Welcome everyone to Episode 72 of The Stem Cell Podcast. As always go to stemcellpodcast.com for all of our episodes and to sign up for the newsletter.
The Science Round Up
We begin with the world famous Science Round Up, sponsored by Biotechne and discuss the latest science/stem cell news including:
- Young sunflowers use circadian rhythms to follow the sun.
- Young people agree to pay for antiaging trials.
- Science literacy does not necessarily lead to greater support of science.
- Chimera research requires extra review according to NIH policy.
- Correction of WAS-iPSCs restores lymphoid cell development and function.
- Mammalian chimeras are a provocative resource for regenerative medicine.
The interview with Dr. Ritchie Ho
For the interview portion of the show, sponsored by STEMCELL Technologies, we bring on Dr. Ritchie Ho, a postdoctoral fellow from Cedars-Sinai with his latest study on induced pluripotent stem cell in-vitro model of ALS. After that we close the show with our signature rant on “unboxing videos.” Enjoy!
Below are all of the papers mentioned on the show. We are working on a way to categorize all of the research papers we mention and possibly even provide audio summaries. Enter in your name and e-mail address below, and we will notify you of when this feature is available.
Resources, Links and Research Papers Mentioned in This Session Include:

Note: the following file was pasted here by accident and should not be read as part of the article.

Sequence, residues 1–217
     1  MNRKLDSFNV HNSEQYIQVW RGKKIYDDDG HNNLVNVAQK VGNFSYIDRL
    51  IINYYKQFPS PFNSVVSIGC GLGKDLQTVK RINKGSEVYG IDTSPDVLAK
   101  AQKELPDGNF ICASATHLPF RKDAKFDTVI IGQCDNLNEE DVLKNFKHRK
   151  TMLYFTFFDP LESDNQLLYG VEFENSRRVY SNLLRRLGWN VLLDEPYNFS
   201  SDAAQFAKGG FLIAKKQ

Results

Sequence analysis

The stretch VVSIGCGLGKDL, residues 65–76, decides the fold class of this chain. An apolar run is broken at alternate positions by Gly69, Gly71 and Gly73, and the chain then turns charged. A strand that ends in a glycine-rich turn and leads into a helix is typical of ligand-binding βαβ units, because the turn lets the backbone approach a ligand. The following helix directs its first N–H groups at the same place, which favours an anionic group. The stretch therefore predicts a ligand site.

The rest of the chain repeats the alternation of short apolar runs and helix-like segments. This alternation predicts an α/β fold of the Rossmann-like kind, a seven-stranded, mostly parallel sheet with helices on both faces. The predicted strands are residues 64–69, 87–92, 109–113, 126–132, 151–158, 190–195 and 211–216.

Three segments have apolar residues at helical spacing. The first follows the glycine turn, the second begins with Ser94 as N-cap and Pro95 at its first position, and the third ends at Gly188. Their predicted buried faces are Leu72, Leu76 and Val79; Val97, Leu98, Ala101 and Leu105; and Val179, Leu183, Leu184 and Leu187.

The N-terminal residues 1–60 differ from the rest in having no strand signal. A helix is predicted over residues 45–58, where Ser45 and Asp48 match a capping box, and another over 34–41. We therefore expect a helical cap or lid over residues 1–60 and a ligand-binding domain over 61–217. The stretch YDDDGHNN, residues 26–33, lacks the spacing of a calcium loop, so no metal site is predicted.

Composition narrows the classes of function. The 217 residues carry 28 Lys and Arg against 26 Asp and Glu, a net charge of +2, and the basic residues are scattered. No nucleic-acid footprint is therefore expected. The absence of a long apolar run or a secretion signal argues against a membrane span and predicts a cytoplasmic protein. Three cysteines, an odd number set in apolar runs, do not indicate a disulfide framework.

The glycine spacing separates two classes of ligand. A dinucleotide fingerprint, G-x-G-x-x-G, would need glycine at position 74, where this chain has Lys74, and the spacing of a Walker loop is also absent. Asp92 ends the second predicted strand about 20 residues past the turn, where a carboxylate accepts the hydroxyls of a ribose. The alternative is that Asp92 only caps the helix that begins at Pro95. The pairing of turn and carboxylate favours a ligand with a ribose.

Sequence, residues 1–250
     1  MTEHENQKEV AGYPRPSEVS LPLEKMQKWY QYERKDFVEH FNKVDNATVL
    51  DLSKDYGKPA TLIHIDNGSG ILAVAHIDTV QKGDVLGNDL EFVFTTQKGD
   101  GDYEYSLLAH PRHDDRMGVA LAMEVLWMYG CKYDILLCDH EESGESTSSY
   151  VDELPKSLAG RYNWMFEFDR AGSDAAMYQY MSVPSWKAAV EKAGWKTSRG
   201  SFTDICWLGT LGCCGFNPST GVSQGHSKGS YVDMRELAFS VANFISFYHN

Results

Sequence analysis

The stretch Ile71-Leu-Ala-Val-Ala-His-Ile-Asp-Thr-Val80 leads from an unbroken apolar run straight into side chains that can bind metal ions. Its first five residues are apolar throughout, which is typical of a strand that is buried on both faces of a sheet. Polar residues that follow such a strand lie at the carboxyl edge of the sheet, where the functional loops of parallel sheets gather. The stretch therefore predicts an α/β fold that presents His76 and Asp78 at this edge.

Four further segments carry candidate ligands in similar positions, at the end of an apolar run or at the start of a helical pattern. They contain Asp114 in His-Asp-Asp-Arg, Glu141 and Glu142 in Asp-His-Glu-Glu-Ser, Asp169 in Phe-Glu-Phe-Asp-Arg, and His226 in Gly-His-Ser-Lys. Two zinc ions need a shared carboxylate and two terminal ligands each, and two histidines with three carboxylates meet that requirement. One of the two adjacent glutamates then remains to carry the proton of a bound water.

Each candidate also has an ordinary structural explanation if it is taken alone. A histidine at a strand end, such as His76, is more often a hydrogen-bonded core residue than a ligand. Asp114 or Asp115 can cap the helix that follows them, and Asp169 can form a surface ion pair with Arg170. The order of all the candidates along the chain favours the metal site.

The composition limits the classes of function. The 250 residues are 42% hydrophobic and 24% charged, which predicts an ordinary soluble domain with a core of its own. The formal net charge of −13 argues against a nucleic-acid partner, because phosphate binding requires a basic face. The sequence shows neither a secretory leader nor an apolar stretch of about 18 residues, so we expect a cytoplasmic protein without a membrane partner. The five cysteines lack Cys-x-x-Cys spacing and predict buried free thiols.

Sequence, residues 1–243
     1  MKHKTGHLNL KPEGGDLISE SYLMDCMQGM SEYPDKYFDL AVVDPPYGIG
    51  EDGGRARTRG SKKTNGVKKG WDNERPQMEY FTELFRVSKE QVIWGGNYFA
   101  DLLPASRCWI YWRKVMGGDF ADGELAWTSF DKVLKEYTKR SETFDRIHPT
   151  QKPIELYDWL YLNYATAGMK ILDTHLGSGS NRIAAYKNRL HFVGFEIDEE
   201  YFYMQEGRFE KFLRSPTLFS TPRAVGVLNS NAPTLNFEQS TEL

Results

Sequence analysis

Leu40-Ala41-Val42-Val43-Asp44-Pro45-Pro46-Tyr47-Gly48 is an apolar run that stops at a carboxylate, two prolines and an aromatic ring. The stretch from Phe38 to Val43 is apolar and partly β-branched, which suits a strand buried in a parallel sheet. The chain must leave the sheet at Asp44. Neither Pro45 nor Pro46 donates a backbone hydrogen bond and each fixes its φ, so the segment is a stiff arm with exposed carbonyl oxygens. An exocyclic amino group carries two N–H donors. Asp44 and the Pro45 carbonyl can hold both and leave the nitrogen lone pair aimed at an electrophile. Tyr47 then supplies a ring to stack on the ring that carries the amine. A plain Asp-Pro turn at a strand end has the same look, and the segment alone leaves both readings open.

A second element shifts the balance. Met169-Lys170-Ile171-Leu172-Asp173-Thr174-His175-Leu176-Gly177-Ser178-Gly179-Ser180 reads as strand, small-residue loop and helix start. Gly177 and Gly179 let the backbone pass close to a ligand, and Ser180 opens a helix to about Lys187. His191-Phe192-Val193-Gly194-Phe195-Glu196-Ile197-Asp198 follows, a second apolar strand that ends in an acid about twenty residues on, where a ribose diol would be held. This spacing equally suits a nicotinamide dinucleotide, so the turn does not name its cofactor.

Circadian Clock Influences Young Sunflowers to Follow the Sun – According to this article, a new research from University of California Davis shows how sunflowers use their circadian clock to anticipate the dawn and follow the sun across the sky during the day.
Humans Prefer the Gait of Mutant Horses – In this article, researchers examine historic horse remains for the DMRT3 SNP, tracking the origin of gaitedness to Medieval England between 850 and 900 AD.
Young Blood Antiaging Trial Raises Questions – This article reports that a startup company Ambrosia has now launched the first pay-to-participate clinical trial in the United States to test the antiaging benefits of young blood in relatively healthy people.
Science Literacy Isn’t Just About What People Know, It’s Also About Their Communities – According to this article, increasing science literacy will not lead to appreciably greater support for science but may be shaped by factors such as values and beliefs.
NIH Proposes Removal of Moratorium On Chimera Research – This article reports that a proposed National Institutes of Health (NIH) policy would require extra review for certain studies that create chimeras, or animals with both human and animal cells.
Gene Correction of iPSCs from a Wiskott-Aldrich Syndrome Patient Normalizes the Lymphoid Developmental and Functional Defects – In this article, induced pluripotent stem cells (iPSCs) were derived from a Wiskott-Aldrich Syndrome patient (WAS-iPSC) and the endogenous chromosomal WAS locus was targeted with a wtWAS-2A-eGFP transgene using zinc finger nucleases (ZFNs) to generate corrected WAS-iPSC (cWAS-iPSC).
Contributions of Mammalian Chimeras to Pluripotent Stem Cell Research – This article highlights the applications and current limitations presented by intra- and inter-species chimeras and their future contribution to the stem cell field.
Development of Gonadotropin-Releasing Hormone-Secreting Neurons from Human Pluripotent Stem Cells – In this article, researchers report a three-step protocol to differentiate human pluripotent stem cells (hPSCs) into Gonadotropin-releasing hormone (GnRH)-secreting neurons which regulate puberty and reproduction.
Direct Induction and Functional Maturation of Forebrain GABAergic Neurons from Human Pluripotent Stem Cells – According to this article, researchers identified a set of genetic factors that could robustly induce human pluripotent stem cells (hPSCs) into GABAergic neurons (iGNs) with high efficiency.
Photo Reference: Courtesy of Dr. Ritchie Ho